Until 2005, the Australian snubfin dolphin was considered an isolated population of the Irrawaddy dolphin, but was later recognized to be a distinct species with unique characteristics. The snubfin dolphin is recognized by its robust rounded forehead and small snubby dorsal fins, which distinguish it from other species of dolphins within the same habitation range. Their mouths have 12-19 sharp pointed teeth on each side of both jaws. Snubfin dolphins are tri-colored with a white belly, light brown on the sides, and brownish on top. They have notched tail fins with a narrow bowl-shaped trailing edges, and large broad flippers with a smooth curved edge. Adults grow up to 9 feet in length and can weight up to 400 pounds, with females being larger than males.
Habitat and Range
The snubfin dolphin has been recorded in northern Australia, where they inhabit the estuarine, riverine, and coastal waters. In the south, they are recorded to inhabit the shallow waters of Port Alma and Keppel Bay, near Rock Hampton in Queensland. The range of the species is expected to extend through the Pacific Ocean in Australia up to Papua Guinea. Approximately 200 snubfin dolphins have been recorded in the Pacific Ocean to date.
Snubfin dolphins are reserved creatures that live in pods of five members, although larger pods with as many as 15 members have been observed. When uninterrupted they usually make short dives and surface quietly at intervals of 30 to 60 seconds. Unlike other dolphin species, snubfin dolphins do not bow ride, but instead do partial jumps while tail clapping. Australian snubfin dolphins communicate by making unique sounds including high-pitched clicks, broadband snaps, and whistles. They normally communicate to warn each other of the presence of predators, search for a potential mate, on announce the presence of food.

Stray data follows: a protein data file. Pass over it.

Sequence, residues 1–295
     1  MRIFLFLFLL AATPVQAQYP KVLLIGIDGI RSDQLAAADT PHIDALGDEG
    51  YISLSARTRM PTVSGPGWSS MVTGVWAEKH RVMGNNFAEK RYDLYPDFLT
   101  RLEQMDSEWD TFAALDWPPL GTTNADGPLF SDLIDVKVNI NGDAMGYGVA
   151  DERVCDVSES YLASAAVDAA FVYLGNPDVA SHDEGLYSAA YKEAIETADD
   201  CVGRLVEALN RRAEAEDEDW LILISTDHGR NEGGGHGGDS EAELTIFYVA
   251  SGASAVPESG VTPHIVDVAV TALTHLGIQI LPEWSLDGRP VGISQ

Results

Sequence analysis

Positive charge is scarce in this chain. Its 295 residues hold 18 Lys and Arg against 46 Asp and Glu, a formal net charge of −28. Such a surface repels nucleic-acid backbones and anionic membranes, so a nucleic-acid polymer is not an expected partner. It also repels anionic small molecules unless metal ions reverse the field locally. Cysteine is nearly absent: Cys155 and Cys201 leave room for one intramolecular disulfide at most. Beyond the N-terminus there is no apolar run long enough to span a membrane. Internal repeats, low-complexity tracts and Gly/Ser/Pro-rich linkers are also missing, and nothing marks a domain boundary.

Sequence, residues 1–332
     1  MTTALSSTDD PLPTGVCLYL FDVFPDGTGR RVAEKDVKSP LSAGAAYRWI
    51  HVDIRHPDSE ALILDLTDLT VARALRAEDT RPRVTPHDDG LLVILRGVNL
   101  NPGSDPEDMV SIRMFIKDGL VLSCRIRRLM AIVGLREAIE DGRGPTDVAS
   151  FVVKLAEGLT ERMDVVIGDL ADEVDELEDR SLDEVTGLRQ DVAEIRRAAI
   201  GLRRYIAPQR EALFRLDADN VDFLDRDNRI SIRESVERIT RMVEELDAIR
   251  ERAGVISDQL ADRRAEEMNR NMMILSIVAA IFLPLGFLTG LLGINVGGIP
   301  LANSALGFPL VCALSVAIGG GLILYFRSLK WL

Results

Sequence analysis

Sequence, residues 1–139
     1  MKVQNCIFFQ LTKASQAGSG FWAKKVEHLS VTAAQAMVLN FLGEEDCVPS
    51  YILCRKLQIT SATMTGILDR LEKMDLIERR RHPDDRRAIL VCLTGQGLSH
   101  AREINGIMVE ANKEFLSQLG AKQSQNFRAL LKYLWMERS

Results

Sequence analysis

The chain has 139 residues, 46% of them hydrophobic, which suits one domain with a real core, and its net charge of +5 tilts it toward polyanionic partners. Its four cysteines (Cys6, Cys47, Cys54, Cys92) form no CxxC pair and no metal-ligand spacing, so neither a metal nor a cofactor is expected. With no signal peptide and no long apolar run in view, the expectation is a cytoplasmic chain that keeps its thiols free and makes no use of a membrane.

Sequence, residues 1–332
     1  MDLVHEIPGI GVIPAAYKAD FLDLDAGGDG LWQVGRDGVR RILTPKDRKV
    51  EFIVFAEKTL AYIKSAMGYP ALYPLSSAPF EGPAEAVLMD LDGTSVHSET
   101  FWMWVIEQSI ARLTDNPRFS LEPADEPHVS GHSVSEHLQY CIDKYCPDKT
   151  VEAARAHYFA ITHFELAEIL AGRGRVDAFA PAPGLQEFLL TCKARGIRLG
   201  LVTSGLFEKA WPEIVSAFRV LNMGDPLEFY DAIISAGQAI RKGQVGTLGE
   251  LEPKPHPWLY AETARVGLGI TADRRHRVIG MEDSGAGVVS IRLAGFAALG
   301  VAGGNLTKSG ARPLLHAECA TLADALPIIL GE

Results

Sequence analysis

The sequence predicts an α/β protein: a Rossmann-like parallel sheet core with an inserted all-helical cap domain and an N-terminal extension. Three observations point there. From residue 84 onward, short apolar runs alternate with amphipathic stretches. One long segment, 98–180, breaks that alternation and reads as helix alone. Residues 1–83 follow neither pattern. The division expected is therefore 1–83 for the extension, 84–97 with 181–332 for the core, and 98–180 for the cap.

The Australian snubfin dolphin is a cunning predator with a predominantly meat-based diet. It mainly feeds on a wide variety of fish, crustaceans, and cephalopods found near its habitat. The dolphins mainly forage for food in estuaries, mangrove forests, and coral reefs, and sometimes navigate the deep waters at night when there is sufficient prey. They are sometimes observed to spurt water from their mouth, a behavior synonymous with their foraging behavior.
The snubfin is classified as a nearly threatened species following their drastic decline in the coastal waters of Australia that they inhabit. Their preference in coastal waters renders them susceptible to human interference through habitat degradation, noise and water pollution, and incidental capture by the Shark Control Program. Presently, the snubfin's biggest threat is bycatch, which means they are trapped in shark nets designed to protect swimming areas and fishing nets set to capture salmon. Pollution in the higher food chain makes dolphins susceptible to many diseases, thus further declining their population.
The International Union for Conservation of Nature (IUCN) lists snubfin dolphins as vulnerable creatures, calling for conservation efforts of the species before they become critically endangered. Some conservation efforts have been undertaken in Australia through coastal development and habitat modification programs aimed at creating marine parks with the intent of protecting the species.